Denise and Eddie get a good nights sleep with Silent Night
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Chronic sleep deprivation can have a number of dire consequences for our health – both mental and physical. Our resting hours are essential for the reparation of our anatomy. Frustratingly, however, sleep often evades us when we need it the most. For the millions who contend with sleep deprivation daily, one expert proposes a quick method to slow down the brain using rhythm.
The “brain-tapping” method – so-called because it involves a light tapping motion – draws on the brain’s auditory system to help bring relaxation to the present moment.
Jim Donovan, a musician and assistant professor at Saint Francis University first proposed the method during a TEDx appearance in 2018.
The technique emphasises stimulation of the frequency-following response to induce sleepiness.
“Your brain loves to follow repeating, rhythmic patterns,” explained Donovan. “Essentially [with this method], your brain first notices that there is a pattern, it connects with it, and then begins to follow it.”
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The drummer conceived the method after reading about the perils of sleep deprivation on the internet.
“I researched the effects of sleep deprivation, which I learnt include heart attack, stroke, weight gain […] and premature death.”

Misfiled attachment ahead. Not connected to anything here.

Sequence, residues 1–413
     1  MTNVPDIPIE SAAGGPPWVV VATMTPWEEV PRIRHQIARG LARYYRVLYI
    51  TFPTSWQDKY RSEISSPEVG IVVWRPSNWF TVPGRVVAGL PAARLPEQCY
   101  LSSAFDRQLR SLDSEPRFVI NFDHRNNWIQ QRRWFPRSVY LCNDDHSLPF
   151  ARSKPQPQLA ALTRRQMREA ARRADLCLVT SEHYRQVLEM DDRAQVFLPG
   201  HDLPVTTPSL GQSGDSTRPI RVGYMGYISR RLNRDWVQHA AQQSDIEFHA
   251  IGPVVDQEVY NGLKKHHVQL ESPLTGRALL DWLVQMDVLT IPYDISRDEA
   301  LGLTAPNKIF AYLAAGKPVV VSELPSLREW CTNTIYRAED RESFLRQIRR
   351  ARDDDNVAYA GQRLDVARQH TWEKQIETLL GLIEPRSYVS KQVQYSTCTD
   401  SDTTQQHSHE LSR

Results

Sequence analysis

Despite his raised awareness of the risks, Donovan’s insomnia persisted.
Drawing inspiration from his drumming session, he devised a 30-second sleep technique, which he claims can induce sleep in “less time” than it takes to “eat a bowl of cereal”.
The 30-second brain-tapping method
To put the method into motion, place your one hand on each lap and start tapping at a slow speed.
Tap your left thigh first, then your right thigh, alternating between the two at the speed of a ticking stopwatch.
As you’re doing this, slow your breath and close your eyes. At the end of the three minutes, slow the rhythm down.
By slowing down the rhythm you’re going to help slow the speed of your brain activity, explained Donovan.
By using the brain tapping method, the frequency-following response is activated.
Donovan explained that head-bobbing motions that are incited by listening to music are an example of the frequency-following response in action.
“If the exercise doesn’t work as you hoped it would in the first go, don’t worry,” added Donovan. “Sometimes it takes a few tries to get used to the exercise.”
Detailing his first experience using the method, Donovan said: “I sat on the edge of my bed, and brought my hands to my lap and began doing my drumming exercise on my legs, very lightly.
“At first, nothing happened. But after four minutes of persistence, I noticed my eyelids starting to get heavy.
“I was yawning. I decided to lay down and shut my eyes for a minute. When I opened them again, it was morning.
“I slept a solid seven-and-a-half-hours with no struggle falling asleep. And most nights since […], I’ve been getting the best sleep of my life.”
The drummer’s mission is to share the healing power of music through education and performance.
Donovan specialises in placing music and wellness programmes in organisations that focus on people with disabilities and people recovering from addiction.
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